By Rebecca Burn-Callander Tuesday, 12 February 2013

Ryanair bid for Aer Lingus gets shot down in flames

Ryanair has revealed that the European Commission plans to block the budget airline's bid for rival Aer Lingus. Ryanair boss O'Leary is not happy.

The official decision isn’t due until the end of February but apparently Ryanair has been left in no doubt as to what the EC's conclusions will be. Why so unfriendly? Well, the bods over at Ryanair have been overheard mumbling things like ‘politically-motivated’, ‘Irish government,’ and ‘anti-competitive, my arse’.

The Irish government owns a 25% stake in Aer Lingus, the object of Ryanair’s affection, and has previously complained that a takeover would breach competition laws in the country: Ryanair’s market share would lift considerably as a result.

But Ryanair argues that this is stuff and nonsense. The no-frills airline already owns 30% of Aer Lingus after all, giving it a vested interest in the company’s fortunes already. And this is the third time in six years that Ryanair has made a bid for the business; O’Leary insists that he has now addressed all the concerns raised by the EC.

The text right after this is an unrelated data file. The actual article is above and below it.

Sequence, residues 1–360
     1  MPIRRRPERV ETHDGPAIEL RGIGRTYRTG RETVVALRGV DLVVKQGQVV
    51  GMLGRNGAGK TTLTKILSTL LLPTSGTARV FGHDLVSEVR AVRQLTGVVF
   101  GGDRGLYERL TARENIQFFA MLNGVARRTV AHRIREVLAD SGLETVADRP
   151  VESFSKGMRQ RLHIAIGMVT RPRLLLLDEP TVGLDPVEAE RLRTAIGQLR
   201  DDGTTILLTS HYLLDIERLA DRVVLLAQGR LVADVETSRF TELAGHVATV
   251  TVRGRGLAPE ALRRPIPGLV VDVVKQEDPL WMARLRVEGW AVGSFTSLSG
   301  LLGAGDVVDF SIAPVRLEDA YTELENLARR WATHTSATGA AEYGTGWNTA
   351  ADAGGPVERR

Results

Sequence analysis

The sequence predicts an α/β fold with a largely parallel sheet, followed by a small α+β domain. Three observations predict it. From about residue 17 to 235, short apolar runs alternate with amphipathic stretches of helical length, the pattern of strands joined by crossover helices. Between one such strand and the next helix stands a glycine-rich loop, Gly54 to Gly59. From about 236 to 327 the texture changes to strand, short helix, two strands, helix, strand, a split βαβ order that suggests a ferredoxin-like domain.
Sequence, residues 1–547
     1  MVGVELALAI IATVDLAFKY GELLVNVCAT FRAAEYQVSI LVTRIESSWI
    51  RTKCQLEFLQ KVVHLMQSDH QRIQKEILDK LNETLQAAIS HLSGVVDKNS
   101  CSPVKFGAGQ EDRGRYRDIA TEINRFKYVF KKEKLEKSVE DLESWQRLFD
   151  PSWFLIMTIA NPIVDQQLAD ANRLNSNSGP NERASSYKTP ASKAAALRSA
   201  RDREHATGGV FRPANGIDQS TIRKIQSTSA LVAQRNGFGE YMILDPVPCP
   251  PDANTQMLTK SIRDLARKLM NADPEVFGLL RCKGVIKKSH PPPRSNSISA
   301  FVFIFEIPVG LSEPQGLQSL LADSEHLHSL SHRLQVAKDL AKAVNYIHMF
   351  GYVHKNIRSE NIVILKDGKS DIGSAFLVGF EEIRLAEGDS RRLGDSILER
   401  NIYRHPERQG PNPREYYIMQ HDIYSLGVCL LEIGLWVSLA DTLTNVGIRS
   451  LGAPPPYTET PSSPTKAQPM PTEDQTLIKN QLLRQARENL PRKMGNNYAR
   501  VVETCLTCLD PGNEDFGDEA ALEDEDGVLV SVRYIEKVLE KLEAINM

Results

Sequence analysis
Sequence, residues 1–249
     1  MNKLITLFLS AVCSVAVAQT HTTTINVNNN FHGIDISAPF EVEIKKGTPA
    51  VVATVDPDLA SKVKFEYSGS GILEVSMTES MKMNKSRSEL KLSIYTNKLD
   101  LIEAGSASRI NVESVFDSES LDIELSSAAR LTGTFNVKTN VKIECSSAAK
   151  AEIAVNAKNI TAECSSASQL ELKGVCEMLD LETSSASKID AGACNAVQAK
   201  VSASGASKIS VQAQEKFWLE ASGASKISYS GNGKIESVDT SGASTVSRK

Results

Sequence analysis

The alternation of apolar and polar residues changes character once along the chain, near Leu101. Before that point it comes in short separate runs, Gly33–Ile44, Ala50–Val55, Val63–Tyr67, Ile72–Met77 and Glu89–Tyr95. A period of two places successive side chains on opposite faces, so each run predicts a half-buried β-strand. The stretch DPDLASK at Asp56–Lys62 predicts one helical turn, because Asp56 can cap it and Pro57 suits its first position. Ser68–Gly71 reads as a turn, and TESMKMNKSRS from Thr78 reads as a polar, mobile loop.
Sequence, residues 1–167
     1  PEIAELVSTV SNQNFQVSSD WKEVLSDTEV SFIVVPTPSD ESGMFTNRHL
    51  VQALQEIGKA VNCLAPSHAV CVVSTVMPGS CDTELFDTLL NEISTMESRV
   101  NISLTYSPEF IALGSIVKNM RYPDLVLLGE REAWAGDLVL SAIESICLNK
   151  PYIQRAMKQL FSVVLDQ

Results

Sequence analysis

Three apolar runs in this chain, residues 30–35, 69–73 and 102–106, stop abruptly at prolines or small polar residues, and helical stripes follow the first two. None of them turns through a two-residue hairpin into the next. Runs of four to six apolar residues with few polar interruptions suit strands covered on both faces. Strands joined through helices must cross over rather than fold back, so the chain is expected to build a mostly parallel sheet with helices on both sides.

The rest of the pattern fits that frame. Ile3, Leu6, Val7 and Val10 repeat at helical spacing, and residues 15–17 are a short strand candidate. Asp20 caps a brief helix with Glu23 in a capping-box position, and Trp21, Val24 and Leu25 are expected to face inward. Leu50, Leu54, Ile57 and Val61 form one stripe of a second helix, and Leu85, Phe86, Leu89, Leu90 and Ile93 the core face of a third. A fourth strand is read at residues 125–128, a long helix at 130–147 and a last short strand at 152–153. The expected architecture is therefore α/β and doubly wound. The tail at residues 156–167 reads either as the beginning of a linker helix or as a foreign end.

Should the deal go ahead, Ryanair will hand over several of its routes out of Gatwick Airport to BA owner IAG, and give up to 43 of its newly-acquired Aer Lingus routes to Flybe. ‘Given Ryanair's remedies package clearly addresses every issue raised in the EU's Statement of Objections, any decision to prohibit would be manifestly unfair and in contravention of EU competition rules,’ says Ryanair spokesman Robin Kiely.

Of course, Aer Lingus’ opposition to the deal may [read: does] have more to do with its long-term rivalry with Ryanair than any quibbles over competition law. And O’Leary has certainly not been making any friends at the Irish airline with recent pronouncements like, ‘Aer Lingus doesn't have a future except as part of one of the big five airline groups in Europe.’

It has also become clear that Aer Lingus boss Christopher Mueller would rather do practically anything – even withhold €50m in dividend payouts – than end up in Ryanair’s clutches.

But O’Leary is nothing if not persistent. He has already made it clear that Ryanair plans to appeal any prohibition decision from the EC, and that he will take it all the way to the European Courts if Commissioner Almunia and his case team do not rule in his favour.

We’ll keep you posted on the wranglings as they happen.

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